It's hard to find a city making a bigger noise on the dance floors of the world than Atlanta. From Usher and Lil Jon to OutKast, Atlanta is home to some of the biggest stars in hip-hop and R&B. Since the 1990s, though, the city has also nurtured a very different scene.
A tour of Atlanta's soul scene begins, oddly enough, in midtown, in the shadow of high-rise condos and generic office towers. Most of the people in the buildings probably have no idea they're a few hundred feet from the birthplace of Atlanta's independent soul scene. The Yin Yang Cafe opened its doors in 1994 in a former laundromat on a dead-end street. The club helped launch dozens of local artists — including India.Arie.
"We all felt like we didn't want to do what was considered regular R&B at the time," says Arie. "This was before anyone was saying 'neo-soul'. We knew that we wanted to have control and try alternative routes of getting our music out there."
Arie burst onto the national stage in 2001 — her debut album earned seven Grammy nominations. But when she started singing at the Yin Yang Cafe, she was just another songwriter with an acoustic guitar. Before long, Arie and some of the other performers got together to form an artists' collective called Groovement. Jamal Ahmad, the closest thing there is to an historian of the scene, was a member, too. He says the collective felt empowered, in part, by the legacy of the civil rights movement: "The civil rights movement instilled ... this sense of greatness among the young African-American community. Me being from Atlanta, that was something that always instilled in us. And through our parents, because they were part of that protest generation."
The music of Groovement members looked back to the classic soul singers of the 1960s and 70s, such as Marvin Gaye, Stevie Wonder and Donny Hathaway. But the Groovement artists also drew on the international sounds they heard on WCLK — acid jazz and new soul from Europe, and remixes from Japan. They brought all of those influences to the tiny stage at the Yin Yang Cafe.
Singer and songwriter Anthony David says the club was a hole in the wall that could barely hold 300 people. But it gave young musicians a chance to get up in front of an audience. "I didn't play music when I started going there," David says. "I would just go and watch the live musicians there. Over a period of five years, I went from not playing to playing, you know what I mean?"
David and Arie say indie soul drew packed houses to the Yin Yang. "It was like we were already stars. So we had an audience of people there. Singing the words to our songs. It was like you had music on the radio, and it really helped boost our confidence," Arie says.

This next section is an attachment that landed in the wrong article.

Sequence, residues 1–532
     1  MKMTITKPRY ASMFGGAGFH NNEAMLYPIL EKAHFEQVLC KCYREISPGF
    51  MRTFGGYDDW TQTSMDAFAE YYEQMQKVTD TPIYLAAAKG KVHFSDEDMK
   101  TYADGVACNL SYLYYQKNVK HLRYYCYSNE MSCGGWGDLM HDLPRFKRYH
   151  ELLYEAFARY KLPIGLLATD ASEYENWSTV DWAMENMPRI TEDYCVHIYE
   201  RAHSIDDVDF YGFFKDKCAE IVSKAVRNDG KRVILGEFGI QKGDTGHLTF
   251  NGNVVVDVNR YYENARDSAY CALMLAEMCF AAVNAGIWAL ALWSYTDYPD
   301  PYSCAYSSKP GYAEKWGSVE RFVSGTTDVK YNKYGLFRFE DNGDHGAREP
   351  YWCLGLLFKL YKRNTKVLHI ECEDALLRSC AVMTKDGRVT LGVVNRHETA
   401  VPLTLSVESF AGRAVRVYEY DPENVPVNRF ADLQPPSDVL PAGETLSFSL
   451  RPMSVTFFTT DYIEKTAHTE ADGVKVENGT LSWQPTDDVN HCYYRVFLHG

But inevitably, the new scene went through some growing pains. Ahmad and David quit the collective. Arie signed to a major label. And perhaps most painful of all, the Yin Yang Cafe closed — not because it wasn't successful, but because the landlord wanted to sell it.
DJ Kemit stood behind the turntables for hip-hop pioneers Arrested Development, and the Yin Yang's house band, the Chronicle. He says that when Yin Yang closed, "everyone was caught with their pants down, and looking around, like, 'where are we gonna meet?' How are we gonna do this?' "
Kemit says a few promoters put on occasional shows around town. But he says the scene lost its center, and a lot of artists retreated to the solitude of their studios. He says it went on like that for more than two years. But now, the soul scene in Atlanta seems to be rising from its own ashes — kind of like the city itself.
WCLK is playing more indie soul now. The room that used to be the Yin Yang re-opened as the Apache Cafe, and a handful of new clubs are presenting indie soul.
On Thursday nights, the jam session is at the upscale Harlem Bar, where a beer and a bottled water will cost you $12, and the kitchen serves fancy soul food until 2 in the morning. The most ambitious of Atlanta's new soul clubs is called Sugarhill. It's co-owned by Freddy Luster, who used to own the Yin Yang. Luster says Sugarhill is doing fine — though not quite as well as the hip-hop club he co-owns.
There's little doubt that Atlanta is a hip-hop town first and foremost, and that soul occupies a smaller niche. But to some, the intimacy of the Atlanta soul scene is one of its charms. Far from traditional music industry towns like New York and Los Angeles, singer Julie Dexter says artists here can afford to experiment: "Here people give you more of a chance to grow, get to where you're supposed to be. In New York, you gotta be where you're supposed to be before you can step out. Go and shed somewhere else. Atlanta is a good place to grow, develop, grow. Get your groove on. Find out what your voice is."
With a little luck, that voice will also resonate beyond Atlanta.